FB has 800 million subscribers from a target audience that potentially includes everyone in the world with Internet access. LNKD has 175 million subscribers from a target audience that is composed of professionals in business and government. (LNKD may have purely entertainment subscribers, of course, but
FB has $3.9 billion in cash. LNKD has $577 million in cash.
Question: Is it possible that FB can use that cash to quickly develop ways to monetize its mobile presence? Well, yes. Especially since the company's CEO said earlier this month, "We are a mobile company."
FB knows where its future lies. It has the commitment. It has the resources. Is there any reason to believe that FB won't find a way to make money off of the smartphone in your pocket or the tablet in your briefcase?
If the Barron's estimate were applied to LNKD, it would lower its price from $123.45 to $11.25, or minus 997%. The reduction in FB's value, in Barron's-world, is a mere 10.9% at today's low (so far).
So, the Barron's analysis really doesn't seem reasonable to me. It's the sort of thing that your aging uncle might come up with as you and he have a beer or two on a bright Saturday afternoon. You smile. You nod. You forget it.
But enough FB traders clearly are listening to their old uncles to have an impact on the price. And that makes trading difficult.
I can trade a rational market, because the prices will move in incremental ways. There will be black swans, but they'll be rare.
I can trade a random walk, using strategies that will help bend the odds in my favor. The random walk theory has no black swans, because it has no expectations.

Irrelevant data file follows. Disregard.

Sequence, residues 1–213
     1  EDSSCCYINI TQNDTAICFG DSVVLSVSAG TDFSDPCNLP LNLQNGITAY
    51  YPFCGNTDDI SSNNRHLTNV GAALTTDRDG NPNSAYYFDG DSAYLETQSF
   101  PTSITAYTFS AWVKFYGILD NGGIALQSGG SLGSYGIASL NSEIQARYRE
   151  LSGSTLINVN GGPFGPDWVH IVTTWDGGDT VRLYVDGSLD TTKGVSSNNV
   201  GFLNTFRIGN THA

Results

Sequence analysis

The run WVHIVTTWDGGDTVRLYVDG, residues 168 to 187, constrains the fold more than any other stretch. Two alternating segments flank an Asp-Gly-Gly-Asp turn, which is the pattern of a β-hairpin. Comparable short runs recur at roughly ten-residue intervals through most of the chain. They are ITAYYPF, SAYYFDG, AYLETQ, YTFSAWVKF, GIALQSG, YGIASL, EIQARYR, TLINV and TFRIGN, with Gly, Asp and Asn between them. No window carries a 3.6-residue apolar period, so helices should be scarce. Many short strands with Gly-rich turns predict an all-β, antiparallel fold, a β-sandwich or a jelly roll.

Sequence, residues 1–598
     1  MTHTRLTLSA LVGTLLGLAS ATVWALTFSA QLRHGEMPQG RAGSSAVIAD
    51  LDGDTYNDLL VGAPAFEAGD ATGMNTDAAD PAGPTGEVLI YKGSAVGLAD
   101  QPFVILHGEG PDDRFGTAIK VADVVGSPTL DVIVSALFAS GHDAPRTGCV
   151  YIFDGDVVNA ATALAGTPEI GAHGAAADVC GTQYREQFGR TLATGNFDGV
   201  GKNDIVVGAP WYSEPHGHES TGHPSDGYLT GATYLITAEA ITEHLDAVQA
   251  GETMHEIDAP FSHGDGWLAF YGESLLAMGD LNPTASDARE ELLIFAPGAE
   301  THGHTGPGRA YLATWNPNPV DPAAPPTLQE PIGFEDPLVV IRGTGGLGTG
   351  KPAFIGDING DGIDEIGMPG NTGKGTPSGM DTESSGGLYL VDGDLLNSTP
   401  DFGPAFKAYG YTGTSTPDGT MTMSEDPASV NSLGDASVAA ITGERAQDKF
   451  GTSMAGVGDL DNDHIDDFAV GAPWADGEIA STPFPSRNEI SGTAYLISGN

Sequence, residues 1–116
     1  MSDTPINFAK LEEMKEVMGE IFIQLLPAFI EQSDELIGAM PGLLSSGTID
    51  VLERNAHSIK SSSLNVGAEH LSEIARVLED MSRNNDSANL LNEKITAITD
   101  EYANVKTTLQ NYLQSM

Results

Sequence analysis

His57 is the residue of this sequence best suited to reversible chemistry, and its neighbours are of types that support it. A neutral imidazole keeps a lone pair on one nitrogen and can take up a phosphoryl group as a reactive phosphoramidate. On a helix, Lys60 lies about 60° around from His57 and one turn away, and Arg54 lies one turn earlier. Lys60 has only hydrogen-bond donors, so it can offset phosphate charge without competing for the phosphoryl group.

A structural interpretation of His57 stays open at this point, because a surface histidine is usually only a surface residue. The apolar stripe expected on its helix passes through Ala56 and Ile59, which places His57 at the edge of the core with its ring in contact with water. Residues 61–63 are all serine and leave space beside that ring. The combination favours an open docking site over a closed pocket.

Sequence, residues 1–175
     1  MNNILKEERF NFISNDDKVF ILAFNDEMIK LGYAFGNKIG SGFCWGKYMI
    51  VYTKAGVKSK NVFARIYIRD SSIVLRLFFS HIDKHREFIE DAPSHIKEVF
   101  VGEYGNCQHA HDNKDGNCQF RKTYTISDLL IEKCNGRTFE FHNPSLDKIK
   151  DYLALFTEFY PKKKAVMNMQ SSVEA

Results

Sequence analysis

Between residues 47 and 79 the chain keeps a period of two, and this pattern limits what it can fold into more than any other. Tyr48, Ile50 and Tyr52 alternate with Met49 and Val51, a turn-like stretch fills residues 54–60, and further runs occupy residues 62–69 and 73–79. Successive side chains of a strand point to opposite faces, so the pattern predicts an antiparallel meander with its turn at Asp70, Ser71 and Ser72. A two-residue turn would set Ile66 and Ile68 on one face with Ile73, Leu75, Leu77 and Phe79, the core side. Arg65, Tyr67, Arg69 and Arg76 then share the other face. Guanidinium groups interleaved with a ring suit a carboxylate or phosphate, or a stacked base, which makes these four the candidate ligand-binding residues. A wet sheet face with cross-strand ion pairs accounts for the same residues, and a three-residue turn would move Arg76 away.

I cannot trade a panic, where black swans flock every few weeks or months. I can only hold on and hope that the helter-skelter ends.
A note on the chart: In terms of Turtle Trading (you can read the rules here), FB remains in bull phase. It broke above the 20-day high of $21.41 on Sept. 13, with an entry level at close of $20.71. (The actual entry price, of course, would differ for each trader.)
The initial stop/loss would have been $18.68 -- the entry price minus twice the 20-day average true range -- and that has been superceded by the 10-day low, which presently stands at $18.85.
By the Turtle Trading rules, FB remains in bull phase until it drops below the 10-day low. In this context, bull phase according to the Turtle rules means to hold bullish positions but not to open new ones.
Tim Bovee, Private Trader tracks the analysis and trades of a private trader for his own accounts. Nothing in this blog constitutes a recommendation to buy or sell stocks, options or any other financial instrument. The only purpose of this blog is to provide education and entertainment.
No trader is ever 100 percent successful in his or her trades. Trading in the stock and option markets is risky and uncertain. Each trader must make trading decision decisions for his or her own account, and take responsibility for the consequences.